The first soldiers met resistance. A few sailors thrust their heads from hiding places and began randomly firing into the soldiers, killing some of them instantly on the spot. The other soldiers rushed them and bayoneted the ones within range and shot the others.
"See, no problem at all." The Inspector began.
Sherlock s hook his head. "Wait!"
Almost the entire troop of soldiers had reached the maindeck now. A few were tossing lifelines to the fallen soldiers in the water, helping them to the safety of the dock. It looked too good to be true to Watson, who wanted just like the Inspector to rush into battle. He was still very angry at being used by that creature, that horrible Mummy from the past or wherever.
"Sherlock." He complained.
"Wait!" Sherlock insisted.
"I must..." The Inspector burst out, thinking all was safe.
Sherlock shook his head stopping the Inspector's outburst and pointed to the other ship to the right instead. The Inspector almost choked on what he saw. It was a war ship, one of the older ones that still maintained cannon on its fore and aft. Even as they watched several men rushed to the aft and fore cannons, then swiveled them to point at the merchant ship the same time as other men lit their fuses.
"No!" The Inspector cried out. He broke away from Holmes and screamed at the rushing soldiers. "YOU MUST STOP!"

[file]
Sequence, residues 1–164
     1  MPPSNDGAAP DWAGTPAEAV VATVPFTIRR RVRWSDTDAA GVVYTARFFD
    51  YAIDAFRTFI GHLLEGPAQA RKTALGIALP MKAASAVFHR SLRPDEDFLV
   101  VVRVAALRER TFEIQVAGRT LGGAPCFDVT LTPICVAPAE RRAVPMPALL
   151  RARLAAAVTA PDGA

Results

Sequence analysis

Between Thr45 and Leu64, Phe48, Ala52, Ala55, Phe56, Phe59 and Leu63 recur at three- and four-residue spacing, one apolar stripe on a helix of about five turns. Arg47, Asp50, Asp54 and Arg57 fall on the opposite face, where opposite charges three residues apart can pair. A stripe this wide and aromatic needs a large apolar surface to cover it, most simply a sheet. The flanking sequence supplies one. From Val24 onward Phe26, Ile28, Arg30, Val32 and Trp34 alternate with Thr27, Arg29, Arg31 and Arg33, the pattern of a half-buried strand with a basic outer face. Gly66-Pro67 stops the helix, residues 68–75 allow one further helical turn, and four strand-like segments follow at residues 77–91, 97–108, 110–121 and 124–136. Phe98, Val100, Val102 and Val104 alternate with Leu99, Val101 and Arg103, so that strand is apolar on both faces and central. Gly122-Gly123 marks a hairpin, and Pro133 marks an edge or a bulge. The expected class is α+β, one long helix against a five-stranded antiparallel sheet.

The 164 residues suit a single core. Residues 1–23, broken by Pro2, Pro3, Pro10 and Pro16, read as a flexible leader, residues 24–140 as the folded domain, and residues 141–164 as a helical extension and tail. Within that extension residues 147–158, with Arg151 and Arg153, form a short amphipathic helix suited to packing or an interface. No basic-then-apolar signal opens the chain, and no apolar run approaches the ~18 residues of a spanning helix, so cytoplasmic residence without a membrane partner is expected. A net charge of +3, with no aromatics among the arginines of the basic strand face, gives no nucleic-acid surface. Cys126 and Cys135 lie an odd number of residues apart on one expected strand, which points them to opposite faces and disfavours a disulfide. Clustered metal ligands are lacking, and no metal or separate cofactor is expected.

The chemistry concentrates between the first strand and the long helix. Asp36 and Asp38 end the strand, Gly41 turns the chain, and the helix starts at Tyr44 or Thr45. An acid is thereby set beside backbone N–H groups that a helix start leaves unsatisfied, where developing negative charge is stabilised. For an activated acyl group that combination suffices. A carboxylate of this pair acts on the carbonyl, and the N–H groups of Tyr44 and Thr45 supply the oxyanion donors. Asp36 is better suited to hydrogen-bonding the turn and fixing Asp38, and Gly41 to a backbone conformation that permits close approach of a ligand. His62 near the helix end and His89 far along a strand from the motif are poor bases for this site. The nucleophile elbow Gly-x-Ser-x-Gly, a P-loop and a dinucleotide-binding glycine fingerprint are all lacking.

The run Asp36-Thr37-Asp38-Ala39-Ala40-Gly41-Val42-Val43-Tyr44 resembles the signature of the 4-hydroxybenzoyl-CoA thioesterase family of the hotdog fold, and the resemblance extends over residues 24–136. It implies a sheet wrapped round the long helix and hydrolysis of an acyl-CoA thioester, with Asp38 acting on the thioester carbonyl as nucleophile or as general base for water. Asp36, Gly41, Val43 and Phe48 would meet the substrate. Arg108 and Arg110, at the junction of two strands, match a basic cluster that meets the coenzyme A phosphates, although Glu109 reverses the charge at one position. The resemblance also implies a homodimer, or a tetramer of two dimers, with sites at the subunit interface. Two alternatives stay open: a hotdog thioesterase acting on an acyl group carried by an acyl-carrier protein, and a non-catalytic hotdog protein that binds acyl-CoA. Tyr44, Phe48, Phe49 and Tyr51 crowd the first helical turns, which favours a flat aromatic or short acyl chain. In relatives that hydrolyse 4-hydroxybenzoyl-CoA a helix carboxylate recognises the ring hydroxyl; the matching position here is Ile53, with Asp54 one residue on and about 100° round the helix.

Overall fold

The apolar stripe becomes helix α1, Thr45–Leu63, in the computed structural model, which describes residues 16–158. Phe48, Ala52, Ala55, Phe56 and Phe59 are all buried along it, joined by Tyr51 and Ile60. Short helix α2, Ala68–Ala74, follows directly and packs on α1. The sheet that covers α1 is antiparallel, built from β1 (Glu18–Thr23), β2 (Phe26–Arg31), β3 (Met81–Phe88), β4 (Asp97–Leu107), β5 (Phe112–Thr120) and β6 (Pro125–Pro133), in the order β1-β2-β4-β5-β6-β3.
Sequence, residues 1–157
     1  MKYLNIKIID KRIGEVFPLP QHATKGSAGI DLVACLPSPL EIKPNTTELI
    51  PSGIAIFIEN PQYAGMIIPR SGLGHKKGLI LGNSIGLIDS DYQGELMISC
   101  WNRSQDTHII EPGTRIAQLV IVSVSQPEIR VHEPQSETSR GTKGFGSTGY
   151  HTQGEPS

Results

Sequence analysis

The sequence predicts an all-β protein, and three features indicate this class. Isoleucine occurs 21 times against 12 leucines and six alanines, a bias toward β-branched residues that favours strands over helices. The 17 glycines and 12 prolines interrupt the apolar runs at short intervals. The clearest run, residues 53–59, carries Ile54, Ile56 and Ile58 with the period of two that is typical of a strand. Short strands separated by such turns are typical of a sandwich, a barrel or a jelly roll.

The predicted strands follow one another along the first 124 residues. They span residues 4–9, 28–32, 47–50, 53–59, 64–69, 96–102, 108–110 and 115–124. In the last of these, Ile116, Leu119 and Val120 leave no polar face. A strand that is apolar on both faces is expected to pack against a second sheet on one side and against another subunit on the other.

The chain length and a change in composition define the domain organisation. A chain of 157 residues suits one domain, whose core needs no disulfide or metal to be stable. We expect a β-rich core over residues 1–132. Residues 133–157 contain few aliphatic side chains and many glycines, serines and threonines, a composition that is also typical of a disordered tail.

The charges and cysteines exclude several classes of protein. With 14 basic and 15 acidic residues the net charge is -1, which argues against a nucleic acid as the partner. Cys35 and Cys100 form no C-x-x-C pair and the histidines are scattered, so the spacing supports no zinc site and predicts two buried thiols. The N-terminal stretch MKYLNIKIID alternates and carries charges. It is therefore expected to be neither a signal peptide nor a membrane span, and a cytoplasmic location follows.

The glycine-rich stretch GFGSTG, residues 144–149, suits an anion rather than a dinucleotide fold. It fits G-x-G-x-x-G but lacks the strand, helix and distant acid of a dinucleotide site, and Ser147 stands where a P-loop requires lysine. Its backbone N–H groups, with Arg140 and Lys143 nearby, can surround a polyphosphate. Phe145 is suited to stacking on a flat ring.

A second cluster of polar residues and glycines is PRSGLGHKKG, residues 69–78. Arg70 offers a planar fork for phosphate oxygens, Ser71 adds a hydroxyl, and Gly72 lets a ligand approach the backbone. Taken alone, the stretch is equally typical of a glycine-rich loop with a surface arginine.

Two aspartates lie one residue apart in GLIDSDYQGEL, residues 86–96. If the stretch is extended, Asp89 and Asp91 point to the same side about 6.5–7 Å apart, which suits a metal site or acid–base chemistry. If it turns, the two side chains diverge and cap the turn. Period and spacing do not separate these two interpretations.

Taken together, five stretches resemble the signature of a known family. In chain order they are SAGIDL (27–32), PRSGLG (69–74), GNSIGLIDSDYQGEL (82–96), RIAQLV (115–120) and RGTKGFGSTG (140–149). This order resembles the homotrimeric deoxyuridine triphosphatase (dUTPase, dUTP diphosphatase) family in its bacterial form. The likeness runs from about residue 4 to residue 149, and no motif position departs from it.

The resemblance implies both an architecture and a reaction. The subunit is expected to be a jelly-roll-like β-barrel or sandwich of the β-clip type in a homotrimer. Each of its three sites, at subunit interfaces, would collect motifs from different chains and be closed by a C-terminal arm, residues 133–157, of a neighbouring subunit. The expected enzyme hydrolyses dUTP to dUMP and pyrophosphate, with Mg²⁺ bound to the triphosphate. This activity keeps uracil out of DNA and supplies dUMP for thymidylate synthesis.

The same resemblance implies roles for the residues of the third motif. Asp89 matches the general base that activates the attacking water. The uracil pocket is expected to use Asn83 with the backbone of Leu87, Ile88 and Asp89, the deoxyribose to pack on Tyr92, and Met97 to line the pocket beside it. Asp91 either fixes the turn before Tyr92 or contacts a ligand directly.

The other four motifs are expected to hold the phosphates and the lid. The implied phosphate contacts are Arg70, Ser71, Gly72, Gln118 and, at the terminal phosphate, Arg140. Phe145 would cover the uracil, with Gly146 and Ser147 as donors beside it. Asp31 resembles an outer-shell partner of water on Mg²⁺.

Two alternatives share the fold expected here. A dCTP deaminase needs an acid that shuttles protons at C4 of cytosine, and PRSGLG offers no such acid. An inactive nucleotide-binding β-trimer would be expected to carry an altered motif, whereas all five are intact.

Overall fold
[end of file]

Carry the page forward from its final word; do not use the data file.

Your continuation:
But too late.
The cannon fired, sending two volleys directly into the merchant ship, where its cargo hold was. The hull was breached at once and somewhere deep within the hold a series of smaller explosions began, then larger ones. The Captain and his men stymied by the lack of opposition had frozen in place at the sound of the explosions, then realizing their danger frantically headed back for the gangplank, just as the main deck splintered, then erupted beneath them, sending men flying into the air, pieces of flesh and bone, broken parts and fire all gushing together like a fountain of living horror.
Watson gripped his weapon fiercely, his anger densely tearing at his emotions, but Sherlock watched as a new contingent of Soldiers ran for the war ship, firing as they ran. The two cannons were silenced, but not before they put the death blow to the merchant ship, which began listing, then angling bow upwards as it sank into the Thames amidst the sound of screaming men, cries of pain, and fire and brimstone.
The Inspector looked at Holmes, tears in his eyes. "Why didn't you warn us?"
"I couldn't." Sherlock said. "Else we would never have found the creature's true hiding place."
"Now Watson, I think it's time for us to engage the enemy." Sherlock shot at him, then ran for the gangplank of the war ship, followed by Watson and the Inspector, who blew his whistle and his own men followed.
They reached the gangplank shortly after the Soldiers did, and joined the melee on the deck as quite literally dozens of armed zombie-like men rushed from the holds to combat them. Several were larger than most and armed with strange devices that when they pressed their triggers fired bursts of energy that exploded the atoms apart of the men charging them.